I believe the real meaning of our existence is to be found in soil … in its alchemy, in its mystery, in its eros. Terra Illuminata. It’s where life begins and it is where life ends. It’s where death begins and it’s where death ends. It’s the Earth’s skin; the Earth’s exemplary circle.
As Stuart Maddox Masters said in his book, The Seasons Through, published 67 years ago: “Soil . . . scoop up a handful of the magic stuff. Look at it closely. What wonders it holds as it lies there in your palm. Tiny sharp grains of sand, little faggots of wood and leaf fibre, infinitely small round pieces of marble, fragments of shell, specks of black carbon, a section of vertebrae from some minute creature. And mingling with it all the dust of countless generations of plants and flowers, trees, animals and – yes – our own, age-long forgotten forebears, gardeners of long ago. Can this incredible composition be the common soil? …”
This incredible composition may be thought of as the common soil, but to me it’s a shapeshifting miracle. All those millions of microorganisms interdependent and working as one entity, taking care of themselves, and in turn, taking care of all of us, too. Think of the magnitude of what lies under our feet: “A cloak of loose, soft material, held to the earth’s hard surface by gravity, is all that lies between life and lifelessness,” as said by Wallace H. Fuller, an American soil scientist in 1975.
Soil, in my opinion, is not to be sniffed at.
How to tend the soil is cause for much vigorous debate on this little piece of the Zambezi Valley. Chris, the brainy farmer, sees soil as a science, while Annabel, the Celtic tree-hugger, sees it as a mystery. Our philosophies are reflected in the way we choose to grow things. While Chris reads science journals and relies on solid data, I spend hours reading up on which plants love sharing a bed, and which winged creature best enhances their newly-wedded lives together. While Chris reels off long Latin names of substances that are known to enhance the growth of plants, I refuse to brook what he has to say, or implement any of his suggestions. Leave me with my intuition, my fairy circles, my birds, my bugs, and my companion plants, I say, and take your long words and scientific experiments elsewhere. (Which, by the way, he did: Chris has started his own [science] garden tucked away at the far side of the pineapple plantation!)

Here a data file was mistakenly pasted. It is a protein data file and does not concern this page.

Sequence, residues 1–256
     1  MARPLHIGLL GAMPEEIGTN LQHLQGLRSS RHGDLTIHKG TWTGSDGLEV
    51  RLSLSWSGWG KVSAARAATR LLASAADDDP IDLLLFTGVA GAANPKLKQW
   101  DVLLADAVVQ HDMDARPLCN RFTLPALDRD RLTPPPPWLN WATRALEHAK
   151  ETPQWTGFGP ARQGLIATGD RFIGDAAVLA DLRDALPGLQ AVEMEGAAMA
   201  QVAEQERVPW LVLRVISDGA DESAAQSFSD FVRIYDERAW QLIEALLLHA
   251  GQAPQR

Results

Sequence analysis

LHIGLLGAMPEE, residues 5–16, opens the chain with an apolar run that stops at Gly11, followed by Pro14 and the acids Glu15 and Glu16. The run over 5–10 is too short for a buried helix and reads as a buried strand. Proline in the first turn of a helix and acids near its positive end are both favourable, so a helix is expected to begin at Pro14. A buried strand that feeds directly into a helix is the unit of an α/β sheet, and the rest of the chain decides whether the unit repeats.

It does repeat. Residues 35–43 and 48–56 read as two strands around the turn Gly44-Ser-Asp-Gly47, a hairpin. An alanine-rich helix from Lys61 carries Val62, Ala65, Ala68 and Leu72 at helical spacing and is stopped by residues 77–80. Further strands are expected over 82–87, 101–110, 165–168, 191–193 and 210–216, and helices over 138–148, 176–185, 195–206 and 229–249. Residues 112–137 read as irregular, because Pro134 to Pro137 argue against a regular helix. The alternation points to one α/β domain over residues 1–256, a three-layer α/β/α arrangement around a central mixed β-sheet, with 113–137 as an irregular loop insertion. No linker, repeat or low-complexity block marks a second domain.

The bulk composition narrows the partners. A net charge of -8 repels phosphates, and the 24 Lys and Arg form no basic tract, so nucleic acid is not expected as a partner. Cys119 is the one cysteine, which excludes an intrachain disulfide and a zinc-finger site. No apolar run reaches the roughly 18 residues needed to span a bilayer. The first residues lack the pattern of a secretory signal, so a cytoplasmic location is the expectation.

In spite of my belligerent attachment to creating an unsullied organic garden, it is to Chris I turn when I am at a loss. He is, after all, the farmer who first planted this garden … a garden I have since expanded, and now tend alongside Peter Komanyana and Eugene Maingo. It is to Chris I wail when nematodes turn my carrots into deformed fat Michelin men; when my parsnips transform into the shape of turnips. It is to Chris I turn when the leaves of my tomato plants turn yellow and curly, which they suddenly started doing last weekend. He is my consoler and my agronomist, and it was he who imparted the bad news about how tomato crops were succumbing to the yellow curly leaf virus throughout our valley.
Earlier this year Chris agreed to build me two raised beds, in an attempt to create what we hoped were containers for a “super-soil” in which few nasty nematodes could survive. Nematodes are microorganisms transported by river water that thrive in our sandy soils, so it’s near impossible to get away from them without using chemicals. Still, I wanted to give it a try. We’ve made a guess that using heavier clay soils — transported to the garden from a part of the farm where they are found — enhanced with compost and nematode-destroyers like worm castings tea, there’s a chance we may control them.
It is in the raised beds that I have since planted the delicates like herbs and lettuce; and it’s in the raised beds we are soon to plant our root vegetables, crossing fingers they will grow into shapes that Whole Foods or Marks & Spencers would envy.
The lettuces, mixed in with basil, carrots, beets and onions as recommended companions, have so far thrived in the raised beds. They are healthy, prolific and a staple in this salad-loving household. Two different friends, one a local farmer and another, an American who lives between Switzerland and the Cotswolds, gave us a variety of lettuce seeds, allowing for an impressive array of textures and flavors to serve each day in our salad bowl.
A favorite dish for Sunday brunch is my Guacamole Salad with Bacon. I chop a small amount of fresh chilli into a smashed avocado, add a dash of lemon juice, a pinch of salt, and lots of cracked black pepper. I serve it on my homemade ciabatta bread, sprinkled with crispy bacon bits, atop a bed of salad. I make up the salad according to what is available in our garden, which I bring together with a simple dressing — olive oil, balsamic vinegar and Dijon mustard — so not to overpower the flavor of the avocado and bacon bits.